The Philadelphia Eagles own an NFC-best four playoff victories since drafting quarterback Carson Wentz No. 2 overall in 2016. They’re right on schedule, except for one detail: Nick Foles was the starting quarterback for all four postseason wins.
The Eagles’ 20-14 defeat at New Orleans in the divisional round Sunday prevents Foles from competing for a second consecutive Super Bowl MVP award. Foles’ success across two postseasons creates an unusual dynamic, however.
Philadelphia has a $20 million option to keep Foles in 2019. He could pay back $2 million in signing bonus to void the option if he thought a better opportunity awaited in free agency. The transition or franchise tags would allow the Eagles to regain control, but the price would rival or exceed the $20 million option. In the middle of all this, Wentz will become eligible for his own extension.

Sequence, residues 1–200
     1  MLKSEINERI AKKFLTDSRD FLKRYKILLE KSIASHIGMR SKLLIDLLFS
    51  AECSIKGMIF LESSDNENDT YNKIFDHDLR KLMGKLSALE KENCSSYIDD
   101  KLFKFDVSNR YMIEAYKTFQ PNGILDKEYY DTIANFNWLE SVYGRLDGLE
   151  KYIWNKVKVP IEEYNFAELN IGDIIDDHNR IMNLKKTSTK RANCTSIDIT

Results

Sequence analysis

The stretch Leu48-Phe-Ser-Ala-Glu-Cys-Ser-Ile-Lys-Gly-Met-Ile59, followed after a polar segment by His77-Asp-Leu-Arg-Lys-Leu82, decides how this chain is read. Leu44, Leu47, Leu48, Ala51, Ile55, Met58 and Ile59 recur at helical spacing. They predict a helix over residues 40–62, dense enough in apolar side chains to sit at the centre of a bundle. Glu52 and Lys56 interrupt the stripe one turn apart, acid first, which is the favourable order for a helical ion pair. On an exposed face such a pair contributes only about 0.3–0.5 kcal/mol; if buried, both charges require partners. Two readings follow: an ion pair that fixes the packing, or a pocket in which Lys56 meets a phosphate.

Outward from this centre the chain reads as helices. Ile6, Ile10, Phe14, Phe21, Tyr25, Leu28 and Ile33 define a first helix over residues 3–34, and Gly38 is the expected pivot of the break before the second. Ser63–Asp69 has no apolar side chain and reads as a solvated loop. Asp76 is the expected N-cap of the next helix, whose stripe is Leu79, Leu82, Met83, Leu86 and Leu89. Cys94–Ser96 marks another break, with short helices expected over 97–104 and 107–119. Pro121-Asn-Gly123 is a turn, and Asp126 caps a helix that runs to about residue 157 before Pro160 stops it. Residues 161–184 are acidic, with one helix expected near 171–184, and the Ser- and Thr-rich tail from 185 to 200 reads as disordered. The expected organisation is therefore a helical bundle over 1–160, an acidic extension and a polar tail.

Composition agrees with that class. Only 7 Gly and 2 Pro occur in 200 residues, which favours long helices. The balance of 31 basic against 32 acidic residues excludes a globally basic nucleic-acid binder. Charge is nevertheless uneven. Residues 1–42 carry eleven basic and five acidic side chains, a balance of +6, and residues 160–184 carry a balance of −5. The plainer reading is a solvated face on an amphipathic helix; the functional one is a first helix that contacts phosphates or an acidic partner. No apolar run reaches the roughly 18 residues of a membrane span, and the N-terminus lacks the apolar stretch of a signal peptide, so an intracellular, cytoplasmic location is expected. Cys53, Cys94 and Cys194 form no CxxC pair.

I’ve spent the past week talking through scenarios with NFL decision-makers to forecast the future for Foles and the Eagles. Team executives disagree over how the parties should and will proceed, hinting at the uncertainty of the situation. Three of their arguments take center stage here.
Scenario 1: Eagles exercise option, and Foles stays
Foles has been outstanding as a spot starter under coach Doug Pederson. His credentials as a full-time starter are spotty, especially when he left the Eagles in 2015. A strong case can be made that Foles fits best in Philadelphia while projecting as a higher-risk starter elsewhere.